On Wednesday, government officials in India said the state-controlled Indian Oil Corp. had reached an agreement to buy 3 million barrels of oil from Russia’s Rosneft Oil Co. at a 20% discount on global prices. It’s a drop in the ocean of India’s oil needs, which was 4.5 million barrels a day in January. However, if a payment system is worked out in rupees that isolates the transaction from the sanctions imposed on Russia, much more could be followed.
The United States is not happy. White House spokeswoman Jen Psaki said India should be concerned about how it will appear in history books when writing the story of the invasion of Ukraine. If this agreement brings more, you should expect questions about whether the West has given up too much faith in India.
However, India has the same reasons for questioning whether it has put too much faith in the West. Although Europe and the United States are happy with the speed and effectiveness of sanctions against Russia, they seem blind to the impact of these sanctions on the world.
In India and many other developing countries, Western powers and the institutions they dominate seem to have different standards of conflict close to home. Although the World Bank has been slow to respond to the concerns of other war-torn nations, it has raised a $ 700 million package for Ukraine in record time. Some economists say the International Monetary Fund may overturn its rules to send $ 1.4 billion to emergencies in Ukraine.
Meanwhile, these Western nations are showing themselves to be the evil guardians of the global commonwealth. Take the cut of several Russian banks from the SWIFT financial messaging system. We have become accustomed to thinking of interbank communication as a global utility; they have now become a tool of Western foreign policy.
It was a unilateral decision by the countries that control SWIFT, with the exception of the US and Japan, all of which are European. Little thought was given to how countries like India, Russia’s oil and fertilizer-based countries pay for SWIFT, would handle the fall. It should come as no surprise that India’s reaction has been to find a way to deal with sanctions by consolidating trade with Russia in rupee and rubles.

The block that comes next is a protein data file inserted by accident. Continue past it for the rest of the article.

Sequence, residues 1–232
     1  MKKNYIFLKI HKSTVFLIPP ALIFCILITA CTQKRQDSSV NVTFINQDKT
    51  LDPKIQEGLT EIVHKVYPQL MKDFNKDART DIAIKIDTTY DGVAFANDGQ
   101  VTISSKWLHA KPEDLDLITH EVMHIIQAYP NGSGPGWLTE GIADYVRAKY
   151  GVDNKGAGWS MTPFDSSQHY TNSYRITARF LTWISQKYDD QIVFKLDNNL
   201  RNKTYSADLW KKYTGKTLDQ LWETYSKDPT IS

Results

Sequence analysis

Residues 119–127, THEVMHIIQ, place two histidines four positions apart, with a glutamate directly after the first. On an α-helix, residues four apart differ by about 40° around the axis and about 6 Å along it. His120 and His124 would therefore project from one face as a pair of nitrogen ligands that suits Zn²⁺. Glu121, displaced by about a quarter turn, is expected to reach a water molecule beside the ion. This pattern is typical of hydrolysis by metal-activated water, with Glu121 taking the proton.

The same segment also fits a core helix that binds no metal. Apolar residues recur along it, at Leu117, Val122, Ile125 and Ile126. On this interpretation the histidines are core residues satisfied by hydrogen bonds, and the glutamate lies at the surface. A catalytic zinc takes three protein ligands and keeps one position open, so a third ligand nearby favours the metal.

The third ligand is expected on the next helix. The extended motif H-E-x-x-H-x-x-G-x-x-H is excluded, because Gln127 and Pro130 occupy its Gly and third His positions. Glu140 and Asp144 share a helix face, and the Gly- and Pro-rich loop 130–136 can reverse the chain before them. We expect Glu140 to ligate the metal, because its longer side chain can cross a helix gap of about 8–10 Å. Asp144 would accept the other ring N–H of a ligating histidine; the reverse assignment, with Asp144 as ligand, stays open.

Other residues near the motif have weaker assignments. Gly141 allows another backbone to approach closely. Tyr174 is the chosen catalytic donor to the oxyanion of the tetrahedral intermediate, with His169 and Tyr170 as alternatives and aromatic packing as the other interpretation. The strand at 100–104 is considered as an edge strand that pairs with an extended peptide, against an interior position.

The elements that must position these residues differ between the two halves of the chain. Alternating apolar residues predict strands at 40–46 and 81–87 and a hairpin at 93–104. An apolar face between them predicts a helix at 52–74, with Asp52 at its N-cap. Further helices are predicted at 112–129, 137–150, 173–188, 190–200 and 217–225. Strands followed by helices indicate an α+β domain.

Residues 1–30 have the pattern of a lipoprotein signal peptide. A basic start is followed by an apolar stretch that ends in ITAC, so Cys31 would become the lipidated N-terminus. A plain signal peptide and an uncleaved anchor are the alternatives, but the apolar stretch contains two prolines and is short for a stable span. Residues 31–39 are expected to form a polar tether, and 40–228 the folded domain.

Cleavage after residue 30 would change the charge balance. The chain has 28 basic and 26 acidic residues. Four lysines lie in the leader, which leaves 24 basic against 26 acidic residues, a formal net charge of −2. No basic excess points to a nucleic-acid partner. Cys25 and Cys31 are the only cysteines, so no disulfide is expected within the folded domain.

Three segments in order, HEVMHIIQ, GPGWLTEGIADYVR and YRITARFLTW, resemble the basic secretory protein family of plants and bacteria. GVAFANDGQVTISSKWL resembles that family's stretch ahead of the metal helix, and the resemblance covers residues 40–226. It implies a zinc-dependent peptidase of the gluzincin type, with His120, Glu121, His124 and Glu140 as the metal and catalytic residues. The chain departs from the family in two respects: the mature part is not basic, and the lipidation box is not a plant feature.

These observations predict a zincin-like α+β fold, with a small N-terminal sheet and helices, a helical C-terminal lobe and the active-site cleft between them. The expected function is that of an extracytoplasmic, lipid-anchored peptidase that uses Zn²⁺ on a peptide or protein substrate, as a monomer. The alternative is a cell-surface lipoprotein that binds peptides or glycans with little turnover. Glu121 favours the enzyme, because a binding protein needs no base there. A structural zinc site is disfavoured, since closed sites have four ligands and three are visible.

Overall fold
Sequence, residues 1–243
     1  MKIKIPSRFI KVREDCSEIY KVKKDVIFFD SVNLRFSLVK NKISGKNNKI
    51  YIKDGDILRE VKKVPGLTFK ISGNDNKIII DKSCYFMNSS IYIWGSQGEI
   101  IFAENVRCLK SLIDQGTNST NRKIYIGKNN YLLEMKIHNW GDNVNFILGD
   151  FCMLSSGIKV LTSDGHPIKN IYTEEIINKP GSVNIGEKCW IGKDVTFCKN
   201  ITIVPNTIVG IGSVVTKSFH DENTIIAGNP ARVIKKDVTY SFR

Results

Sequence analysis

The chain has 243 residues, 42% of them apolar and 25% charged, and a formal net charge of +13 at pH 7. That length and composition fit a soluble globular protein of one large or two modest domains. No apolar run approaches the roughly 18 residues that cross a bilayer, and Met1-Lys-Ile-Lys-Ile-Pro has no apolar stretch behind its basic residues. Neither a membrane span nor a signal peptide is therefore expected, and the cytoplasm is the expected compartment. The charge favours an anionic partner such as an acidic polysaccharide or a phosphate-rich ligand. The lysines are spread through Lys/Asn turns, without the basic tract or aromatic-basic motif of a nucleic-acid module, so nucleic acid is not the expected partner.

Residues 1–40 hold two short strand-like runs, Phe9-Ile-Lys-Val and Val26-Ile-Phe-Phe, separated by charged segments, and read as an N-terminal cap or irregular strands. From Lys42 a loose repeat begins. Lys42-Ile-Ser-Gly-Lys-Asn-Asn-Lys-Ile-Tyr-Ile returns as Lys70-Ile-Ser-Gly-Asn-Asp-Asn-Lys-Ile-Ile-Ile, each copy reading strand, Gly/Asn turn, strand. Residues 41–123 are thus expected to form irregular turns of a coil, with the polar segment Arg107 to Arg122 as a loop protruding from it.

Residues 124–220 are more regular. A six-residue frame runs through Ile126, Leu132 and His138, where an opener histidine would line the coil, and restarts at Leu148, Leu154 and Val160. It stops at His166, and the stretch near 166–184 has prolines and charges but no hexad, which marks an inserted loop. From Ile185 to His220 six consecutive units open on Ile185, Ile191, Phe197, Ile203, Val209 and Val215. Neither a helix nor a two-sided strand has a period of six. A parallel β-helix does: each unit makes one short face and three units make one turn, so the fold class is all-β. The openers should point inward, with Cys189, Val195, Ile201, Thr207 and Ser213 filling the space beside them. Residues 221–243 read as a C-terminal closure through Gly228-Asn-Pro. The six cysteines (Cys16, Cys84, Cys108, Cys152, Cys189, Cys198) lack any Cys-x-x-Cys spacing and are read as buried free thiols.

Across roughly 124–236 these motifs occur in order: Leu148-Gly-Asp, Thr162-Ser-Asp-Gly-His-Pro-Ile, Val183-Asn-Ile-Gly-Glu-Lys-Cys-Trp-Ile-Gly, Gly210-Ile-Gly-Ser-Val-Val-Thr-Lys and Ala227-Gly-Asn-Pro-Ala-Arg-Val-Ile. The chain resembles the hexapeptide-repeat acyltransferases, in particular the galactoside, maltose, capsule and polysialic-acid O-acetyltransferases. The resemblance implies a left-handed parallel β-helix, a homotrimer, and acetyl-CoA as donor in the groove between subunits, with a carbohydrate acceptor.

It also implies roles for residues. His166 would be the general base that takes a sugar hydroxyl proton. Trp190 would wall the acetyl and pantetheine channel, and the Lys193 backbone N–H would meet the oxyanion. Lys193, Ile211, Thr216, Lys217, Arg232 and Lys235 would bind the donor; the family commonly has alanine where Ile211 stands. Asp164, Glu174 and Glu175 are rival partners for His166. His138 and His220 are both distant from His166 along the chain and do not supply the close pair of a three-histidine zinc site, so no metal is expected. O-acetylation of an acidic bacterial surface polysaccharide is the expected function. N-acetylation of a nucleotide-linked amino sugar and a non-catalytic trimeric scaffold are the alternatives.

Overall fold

It is particularly shocking to criticize India for continuing to buy oil from Russia, given that European nations still need to withdraw energy from Russia. And, unlike them, India can hardly afford such bills. If oil is left over $ 70 a barrel for a month, the rupee will fall, the government will run out of money, inflation will rise, and the country will have to start worrying about the balance of payments crisis.
We have experienced such a break at least twice, in 1991 and 2012. However, our supposed partners in the West do not recognize that avoiding another is a national priority.
They don’t care how hypocritical their word about punishment can be. The U.S. spent most of the last decade trying to persuade India not to buy Iranian oil in an attempt to return Iranian shipments to market as soon as the focus shifted to Russia. Although the US and other countries in Europe are expected to bear the cost of sanctions, they are too shy to send Polish fighter jets to Ukraine.
Moreover, in the long run, the Indians fear that sanctions will bring Russia closer to China and that Beijing will expand its control over the global economy. While some Westerners are concerned that India is not aligned with their side, many Indians are concerned that the concept of the West “on their side” does not include India.
They’re both short. Whether they like it or not, the guardians of India’s muscular nationalism, India is benefiting from the patience of the West right now in the fight against social unrest and economic performance. It needs European capital, Japanese investment and US technology to modernize its economy, not to mention weapons and diplomatic support, to fight China. Local media and government agencies must also remember that Russia caused this crisis without provoking the invasion of a smaller neighbor – and India is unlikely to be in favor of the attacker.
For its part, the West must learn, once again, that its actions have consequences. India, such as struggling to manage deficits, or Kenya, facing a growing grain import bill, may not be suffering as much as Ukraine, but they are victims nonetheless. The international system must make room for these unexpected challenges through bailouts, liquidity exchanges with central banks and other extraordinary measures.
This is a test case. The world can build effective mechanisms to repel attackers – Russia or China – if countries like India have a voice in them. Otherwise, as with SWIFT, they will reject and weaken these systems in the interests of their national interests.
(Mihir Sharma is a columnist for Bloomberg Opinion. He was a columnist for Indian Express and Business Standard and is the author of “Restart: The Last Opportunity for the Indian Economy.”)
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